If you’re a barbecue chicken fan but have struggled to ensure that the meat stays tender during the cooking process, chef Dan Olson from Railtown Café and Catering is sharing his technique and instructions.
His fool-proof method uses brine that tenderizes the meat to the bone.
If you'd like to try your own hand at making this chicken yourself, the recipe from Olson is listed below.
But for those who prefer to leave everything to the culinary experts, you can also order this barbecue chicken at Railtown Cafe's Tailgate BBQ Series from July 27 to 29
After a one-year hiatus due to the pandemic, the Railtown crew will fire up their 12-foot custom-made barbecue to serve a Southern-style feast, including slow-smoked brisket, pork shoulder, bratwurst, corn on the cob, jalapeño corn bread, side salads, and more. Plus, there are vegetarian options and summer drinks
It’ll take place at a lot at 460 Railway Street (one block away from the Railtown location) and tickets can be purchased online.
Railtown Café’s beer-brined chicken
1 whole free range chicken, washed and dried
half a lemon
half a head of garlic, crushed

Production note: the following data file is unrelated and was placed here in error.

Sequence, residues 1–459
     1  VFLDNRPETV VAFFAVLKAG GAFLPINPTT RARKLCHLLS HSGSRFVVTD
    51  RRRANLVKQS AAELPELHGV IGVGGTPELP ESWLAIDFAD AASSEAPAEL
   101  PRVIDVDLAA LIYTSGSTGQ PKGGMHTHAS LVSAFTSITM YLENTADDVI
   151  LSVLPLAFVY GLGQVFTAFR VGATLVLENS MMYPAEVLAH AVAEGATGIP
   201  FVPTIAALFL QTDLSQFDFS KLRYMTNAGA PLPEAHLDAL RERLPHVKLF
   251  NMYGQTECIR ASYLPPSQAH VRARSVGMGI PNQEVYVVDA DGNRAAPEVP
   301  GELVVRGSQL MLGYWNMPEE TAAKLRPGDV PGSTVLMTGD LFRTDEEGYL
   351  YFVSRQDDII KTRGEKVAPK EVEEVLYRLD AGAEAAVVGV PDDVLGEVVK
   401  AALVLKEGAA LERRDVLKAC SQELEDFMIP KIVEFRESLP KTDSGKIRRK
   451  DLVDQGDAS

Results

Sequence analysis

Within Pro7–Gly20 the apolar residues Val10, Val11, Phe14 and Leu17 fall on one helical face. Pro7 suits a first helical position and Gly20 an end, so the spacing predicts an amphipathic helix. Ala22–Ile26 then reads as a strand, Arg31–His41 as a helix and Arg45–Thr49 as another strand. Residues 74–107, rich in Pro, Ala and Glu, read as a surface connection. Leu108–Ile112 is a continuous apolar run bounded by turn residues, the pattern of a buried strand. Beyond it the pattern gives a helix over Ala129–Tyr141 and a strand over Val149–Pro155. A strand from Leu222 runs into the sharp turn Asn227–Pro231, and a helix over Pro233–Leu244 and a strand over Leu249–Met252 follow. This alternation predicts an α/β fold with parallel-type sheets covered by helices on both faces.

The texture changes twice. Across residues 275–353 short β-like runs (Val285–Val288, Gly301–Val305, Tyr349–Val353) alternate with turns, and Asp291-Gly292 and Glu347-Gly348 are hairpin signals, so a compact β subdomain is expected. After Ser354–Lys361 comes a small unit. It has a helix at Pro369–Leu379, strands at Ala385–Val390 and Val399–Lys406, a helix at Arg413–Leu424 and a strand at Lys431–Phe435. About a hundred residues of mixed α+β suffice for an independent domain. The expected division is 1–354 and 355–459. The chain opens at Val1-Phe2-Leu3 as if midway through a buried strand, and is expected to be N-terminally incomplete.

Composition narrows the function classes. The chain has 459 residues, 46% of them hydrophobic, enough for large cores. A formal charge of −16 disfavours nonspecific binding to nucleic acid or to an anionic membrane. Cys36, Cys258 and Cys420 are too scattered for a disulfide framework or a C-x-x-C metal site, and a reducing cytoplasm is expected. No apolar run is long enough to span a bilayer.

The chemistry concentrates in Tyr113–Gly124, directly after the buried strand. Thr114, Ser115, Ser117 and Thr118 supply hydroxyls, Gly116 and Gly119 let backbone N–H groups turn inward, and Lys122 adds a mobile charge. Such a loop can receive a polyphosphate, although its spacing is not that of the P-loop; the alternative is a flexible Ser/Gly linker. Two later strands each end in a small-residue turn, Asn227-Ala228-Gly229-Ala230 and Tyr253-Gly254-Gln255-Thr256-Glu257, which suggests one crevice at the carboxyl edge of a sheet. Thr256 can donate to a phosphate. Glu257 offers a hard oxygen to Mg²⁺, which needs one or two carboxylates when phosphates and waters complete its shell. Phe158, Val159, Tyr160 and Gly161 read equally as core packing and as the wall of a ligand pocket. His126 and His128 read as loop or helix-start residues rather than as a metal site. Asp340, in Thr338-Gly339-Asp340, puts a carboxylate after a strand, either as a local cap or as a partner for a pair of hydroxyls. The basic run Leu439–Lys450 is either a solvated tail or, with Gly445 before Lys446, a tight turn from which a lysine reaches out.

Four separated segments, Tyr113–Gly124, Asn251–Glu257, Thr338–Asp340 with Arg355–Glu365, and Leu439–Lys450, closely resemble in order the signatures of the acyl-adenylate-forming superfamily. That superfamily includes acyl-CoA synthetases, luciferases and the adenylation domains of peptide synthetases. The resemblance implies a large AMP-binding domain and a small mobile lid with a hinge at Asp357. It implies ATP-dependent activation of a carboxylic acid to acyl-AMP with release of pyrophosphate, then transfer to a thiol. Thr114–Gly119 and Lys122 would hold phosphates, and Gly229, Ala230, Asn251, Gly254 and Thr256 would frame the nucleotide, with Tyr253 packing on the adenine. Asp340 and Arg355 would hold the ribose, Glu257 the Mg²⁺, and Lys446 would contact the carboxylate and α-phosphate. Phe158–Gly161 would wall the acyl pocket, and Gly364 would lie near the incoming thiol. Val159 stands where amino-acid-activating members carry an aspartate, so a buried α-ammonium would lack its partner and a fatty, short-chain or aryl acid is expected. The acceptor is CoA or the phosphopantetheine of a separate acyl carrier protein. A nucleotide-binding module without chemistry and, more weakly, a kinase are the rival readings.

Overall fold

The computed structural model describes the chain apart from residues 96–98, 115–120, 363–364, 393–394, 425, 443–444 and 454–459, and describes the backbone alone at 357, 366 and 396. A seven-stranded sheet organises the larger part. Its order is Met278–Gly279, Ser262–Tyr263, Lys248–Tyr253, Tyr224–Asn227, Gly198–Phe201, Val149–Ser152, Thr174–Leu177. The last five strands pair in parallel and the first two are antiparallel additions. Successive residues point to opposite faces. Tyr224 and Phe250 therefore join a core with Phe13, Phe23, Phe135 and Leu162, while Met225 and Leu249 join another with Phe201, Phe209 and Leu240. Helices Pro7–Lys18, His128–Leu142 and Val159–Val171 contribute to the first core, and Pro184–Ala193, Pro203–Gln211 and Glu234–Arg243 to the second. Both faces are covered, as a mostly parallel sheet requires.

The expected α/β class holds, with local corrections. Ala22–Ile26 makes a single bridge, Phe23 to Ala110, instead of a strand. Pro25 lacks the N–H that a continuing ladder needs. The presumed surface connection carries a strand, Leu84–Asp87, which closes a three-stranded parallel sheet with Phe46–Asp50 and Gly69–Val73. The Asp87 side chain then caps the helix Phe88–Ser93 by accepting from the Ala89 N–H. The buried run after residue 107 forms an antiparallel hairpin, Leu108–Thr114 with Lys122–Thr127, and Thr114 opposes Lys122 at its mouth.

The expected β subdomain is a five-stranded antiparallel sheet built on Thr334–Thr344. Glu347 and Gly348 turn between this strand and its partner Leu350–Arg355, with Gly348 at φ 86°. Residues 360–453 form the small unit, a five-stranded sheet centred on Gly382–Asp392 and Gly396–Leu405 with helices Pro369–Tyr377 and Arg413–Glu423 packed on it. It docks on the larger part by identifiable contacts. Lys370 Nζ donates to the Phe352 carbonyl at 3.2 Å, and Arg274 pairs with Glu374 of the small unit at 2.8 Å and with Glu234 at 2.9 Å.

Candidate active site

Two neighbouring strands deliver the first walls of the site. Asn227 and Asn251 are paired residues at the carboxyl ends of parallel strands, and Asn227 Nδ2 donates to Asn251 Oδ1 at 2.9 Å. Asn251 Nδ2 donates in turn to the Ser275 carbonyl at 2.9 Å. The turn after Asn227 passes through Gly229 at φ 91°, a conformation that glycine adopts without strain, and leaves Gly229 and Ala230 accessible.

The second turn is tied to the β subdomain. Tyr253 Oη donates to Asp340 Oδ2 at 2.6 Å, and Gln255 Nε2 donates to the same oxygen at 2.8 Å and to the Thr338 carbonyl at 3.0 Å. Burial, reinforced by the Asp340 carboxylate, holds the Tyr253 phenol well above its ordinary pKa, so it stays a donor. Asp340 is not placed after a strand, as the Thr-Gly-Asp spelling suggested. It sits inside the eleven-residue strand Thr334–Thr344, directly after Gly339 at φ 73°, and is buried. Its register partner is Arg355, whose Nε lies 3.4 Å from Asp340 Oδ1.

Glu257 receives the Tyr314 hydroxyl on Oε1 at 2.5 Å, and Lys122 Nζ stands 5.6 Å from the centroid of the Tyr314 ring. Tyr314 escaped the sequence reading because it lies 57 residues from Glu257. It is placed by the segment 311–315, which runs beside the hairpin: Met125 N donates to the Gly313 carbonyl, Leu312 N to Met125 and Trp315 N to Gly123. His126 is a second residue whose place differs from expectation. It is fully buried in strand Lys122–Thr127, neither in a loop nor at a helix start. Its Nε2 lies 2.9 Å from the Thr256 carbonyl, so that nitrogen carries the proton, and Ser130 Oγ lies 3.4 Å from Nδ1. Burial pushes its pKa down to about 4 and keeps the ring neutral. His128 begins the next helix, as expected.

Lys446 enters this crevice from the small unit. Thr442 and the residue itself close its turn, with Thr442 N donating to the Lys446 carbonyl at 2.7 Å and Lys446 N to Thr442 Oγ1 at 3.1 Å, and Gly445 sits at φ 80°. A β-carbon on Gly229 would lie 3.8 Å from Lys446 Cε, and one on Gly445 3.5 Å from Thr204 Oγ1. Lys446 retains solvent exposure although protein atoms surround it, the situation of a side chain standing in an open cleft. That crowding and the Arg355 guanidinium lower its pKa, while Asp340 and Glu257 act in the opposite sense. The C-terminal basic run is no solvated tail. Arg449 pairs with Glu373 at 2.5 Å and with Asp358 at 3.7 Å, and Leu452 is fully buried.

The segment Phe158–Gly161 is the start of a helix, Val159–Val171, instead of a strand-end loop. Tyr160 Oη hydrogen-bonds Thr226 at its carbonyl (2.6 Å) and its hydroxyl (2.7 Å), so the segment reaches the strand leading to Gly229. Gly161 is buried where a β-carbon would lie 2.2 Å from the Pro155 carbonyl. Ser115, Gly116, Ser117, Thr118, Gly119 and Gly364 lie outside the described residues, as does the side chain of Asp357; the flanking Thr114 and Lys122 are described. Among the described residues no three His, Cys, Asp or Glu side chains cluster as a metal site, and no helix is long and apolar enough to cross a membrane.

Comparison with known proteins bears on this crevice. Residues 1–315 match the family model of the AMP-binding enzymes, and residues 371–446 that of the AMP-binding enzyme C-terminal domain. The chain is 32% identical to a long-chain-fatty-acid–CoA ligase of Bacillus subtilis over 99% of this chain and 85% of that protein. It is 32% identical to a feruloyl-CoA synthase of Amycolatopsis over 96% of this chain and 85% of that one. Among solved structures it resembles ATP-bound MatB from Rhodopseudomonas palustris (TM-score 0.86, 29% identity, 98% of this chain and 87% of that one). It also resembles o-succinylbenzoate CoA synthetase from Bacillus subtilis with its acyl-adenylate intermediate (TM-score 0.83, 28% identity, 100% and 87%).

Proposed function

salt and coarsely cracked pepper
butcher's twine (optional)
1 litre beer brine
750 ml water
250 ml beer
50 g salt
50 g light brown sugar
a few sprigs of thyme and rosemary
3 garlic cloves, crushed
1 tablespoon of whole black peppercorns
Make the brine by combining everything, bring to a simmer, remove from the heat, and cool completely.
Submerge the bird in cold brine and let chill in the fridge for 12 to 24 hours.
Line a baking sheet with parchment paper or aluminum foil then place a roasting rack on top.
Remove the bird from the brine and place it on the rack.
Dry the bird well and stuff the lemon and garlic inside the cavity.
At this stage, you are welcome to tie the bird with butcher’s twine, however it also works great without it.
Season generously with salt and coarsely cracked pepper.
Bake at 177 C (350 F) with convection for about 20 minutes. Rotate the baking sheet 180 degrees and bake for another 15 to 30 minutes depending on the size of the bird.
To check the bird, insert a thermometer into the top of the breast until it reaches the middle of the breast plate. Remove the bird when the internal temperature reads 66 C (151 F).
Let the bird cool for at least 25 minutes before carving.